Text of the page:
Many business owners have had to tighten their belts in the past few years and bootstrapping has become a hot topic. In fact, a Google search of the phrase “business bootstrap” showed more than 3 million entries.
For those of you who didn’t grow up hearing about people “pulling themselves up by their bootstraps,” the term dates back to the late 1800s when men’s boots had leather loops at the tops to make pulling them on easier. As a business concept, it means using ingenuity to conserve money when finances get tight.
It would be ideal to start your business well capitalized, with plenty of cash reserves, but most business owners aren’t that lucky. In fact, some of the greatest business success stories are those that started with very little cash but a lot more creativity. Few of our most successful clients started with much money.
Nearly every business has occasional cash flow issues. You could be forced to bootstrap when money gets tight because of things out of your control, like a recession, an industry slow-down, or losing a big customer. You might have to be extra frugal and conserve your cash for six months or it could be a long-term situation, but it’s doable with a bit of ingenuity.
We’ve done our share of bootstrapping over the years and have observed what clients have done to cut costs when necessary. The following are ideas for conserving cash that we’ve seen or experienced, and that might work for you.
Since staffing is typically one of the greatest business expenses, you could get creative with employees. You might need to restructure hours and salaries, or you could offer alternative payment methods, such as performance-based compensation or commissions. If you don’t need a full-time person and can’t afford to pay much, you might be able to share an employee with another company.
Student interns are available at low rates through local colleges and offer another option. We’ve used eight students in our consulting firm and have found that they appreciated the work, were eager to learn, and made good employees. Outsourcing is another option. Many qualified retirees, stay-at-home moms, and unemployed people are willing to work at competitive rates. Sites like Elance.com, Odesk.com and Guru.com let you to shop for people and rates, and you may be able to obtain references and see work samples.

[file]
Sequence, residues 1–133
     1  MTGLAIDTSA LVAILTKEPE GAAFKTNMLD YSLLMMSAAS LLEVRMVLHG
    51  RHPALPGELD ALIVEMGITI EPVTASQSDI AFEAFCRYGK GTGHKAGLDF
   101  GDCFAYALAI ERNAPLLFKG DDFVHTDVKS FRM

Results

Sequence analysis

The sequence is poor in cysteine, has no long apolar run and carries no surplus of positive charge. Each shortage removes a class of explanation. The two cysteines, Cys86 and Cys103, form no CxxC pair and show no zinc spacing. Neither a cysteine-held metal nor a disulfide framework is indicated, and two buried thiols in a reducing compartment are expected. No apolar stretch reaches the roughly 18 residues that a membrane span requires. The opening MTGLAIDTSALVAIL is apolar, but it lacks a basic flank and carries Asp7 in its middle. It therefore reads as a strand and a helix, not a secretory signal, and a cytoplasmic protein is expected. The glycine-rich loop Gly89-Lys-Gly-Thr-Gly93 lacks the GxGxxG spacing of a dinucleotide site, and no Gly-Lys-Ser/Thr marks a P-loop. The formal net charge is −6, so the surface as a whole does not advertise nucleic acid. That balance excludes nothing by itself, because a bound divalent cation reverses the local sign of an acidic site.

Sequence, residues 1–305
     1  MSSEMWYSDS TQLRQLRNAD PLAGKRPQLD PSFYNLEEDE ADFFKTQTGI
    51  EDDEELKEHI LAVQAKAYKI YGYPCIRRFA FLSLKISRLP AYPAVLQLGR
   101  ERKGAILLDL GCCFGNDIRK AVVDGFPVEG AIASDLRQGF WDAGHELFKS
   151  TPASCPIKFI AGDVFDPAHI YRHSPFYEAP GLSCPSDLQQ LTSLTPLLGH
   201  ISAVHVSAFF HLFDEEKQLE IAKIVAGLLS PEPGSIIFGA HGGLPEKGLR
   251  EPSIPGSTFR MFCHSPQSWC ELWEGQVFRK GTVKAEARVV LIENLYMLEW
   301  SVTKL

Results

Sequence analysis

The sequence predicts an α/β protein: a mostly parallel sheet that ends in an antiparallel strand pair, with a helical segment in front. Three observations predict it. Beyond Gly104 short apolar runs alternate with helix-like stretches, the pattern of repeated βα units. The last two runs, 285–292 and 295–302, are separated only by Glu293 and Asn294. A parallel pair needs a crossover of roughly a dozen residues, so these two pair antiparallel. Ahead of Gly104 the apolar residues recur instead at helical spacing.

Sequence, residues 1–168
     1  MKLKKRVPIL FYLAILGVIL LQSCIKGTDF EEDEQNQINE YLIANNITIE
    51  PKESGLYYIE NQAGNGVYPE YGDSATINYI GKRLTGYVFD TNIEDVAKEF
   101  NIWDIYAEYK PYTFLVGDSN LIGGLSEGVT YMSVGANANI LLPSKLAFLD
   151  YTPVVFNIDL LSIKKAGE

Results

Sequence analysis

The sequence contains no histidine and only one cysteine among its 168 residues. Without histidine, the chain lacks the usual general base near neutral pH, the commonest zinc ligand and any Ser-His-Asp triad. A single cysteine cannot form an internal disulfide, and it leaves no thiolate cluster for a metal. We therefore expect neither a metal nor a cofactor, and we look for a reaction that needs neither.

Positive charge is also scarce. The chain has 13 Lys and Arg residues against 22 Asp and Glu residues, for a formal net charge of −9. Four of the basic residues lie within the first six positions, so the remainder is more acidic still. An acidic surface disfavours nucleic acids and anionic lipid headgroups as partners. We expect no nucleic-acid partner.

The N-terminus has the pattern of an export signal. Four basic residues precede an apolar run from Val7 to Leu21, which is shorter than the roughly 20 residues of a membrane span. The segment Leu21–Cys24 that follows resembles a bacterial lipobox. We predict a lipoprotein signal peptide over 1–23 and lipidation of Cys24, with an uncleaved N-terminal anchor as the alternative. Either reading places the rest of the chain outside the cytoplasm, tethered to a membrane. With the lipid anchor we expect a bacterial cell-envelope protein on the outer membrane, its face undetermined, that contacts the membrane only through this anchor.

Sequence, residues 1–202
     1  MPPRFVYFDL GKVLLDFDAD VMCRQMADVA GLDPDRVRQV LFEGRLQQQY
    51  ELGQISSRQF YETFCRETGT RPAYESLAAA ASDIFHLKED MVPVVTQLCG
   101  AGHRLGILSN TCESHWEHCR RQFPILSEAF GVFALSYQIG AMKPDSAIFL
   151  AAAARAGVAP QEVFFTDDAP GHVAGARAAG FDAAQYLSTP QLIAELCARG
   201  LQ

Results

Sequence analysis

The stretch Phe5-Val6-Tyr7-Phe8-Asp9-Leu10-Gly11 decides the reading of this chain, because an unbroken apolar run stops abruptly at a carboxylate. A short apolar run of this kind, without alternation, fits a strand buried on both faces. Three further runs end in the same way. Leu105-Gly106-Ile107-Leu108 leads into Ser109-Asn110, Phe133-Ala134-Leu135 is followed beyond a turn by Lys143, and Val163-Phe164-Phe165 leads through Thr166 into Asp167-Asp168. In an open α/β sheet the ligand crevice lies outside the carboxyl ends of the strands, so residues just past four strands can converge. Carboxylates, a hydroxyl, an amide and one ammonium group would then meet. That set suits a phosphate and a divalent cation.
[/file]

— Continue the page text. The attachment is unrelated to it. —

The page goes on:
Equipment and furniture can be a major expense, so consider buying used things. It’s amazing what you can find for sale and used items are often great shape. A like-new used file cabinet will file every bit as well as a new one, so don’t let your ego get in the way of exploring this avenue. Some things are still advertised in newspaper want ads, and Craig’s List, eBay and local auctions are great resources. And companies closing their doors might be glad to sell you some of their equipment or inventory at a reduced rate.
Good old fashioned bartering has helped a lot of people obtain goods or services they otherwise couldn’t afford. The person who has what you need might also be helped by a bartering arrangement, so don’t be afraid to ask. A word of caution, though — bartering can have tax consequences, so be sure to keep good records for your tax preparer.
You can get creative with office space to conserve funds. If finances are tight and it’s feasible, you might want to work from home for a while. Technology has made this easier, with “cloud” companies like Google and Dropbox.com offering virtual storage space for your files that let you access them from any place having Internet connectivity. You might consider sharing office space and staff with another company or rent space in a suite offering private offices and a shared conference room.
Laddie and Judy Blaskowski are partners in BusinessTruths Consulting, Inc.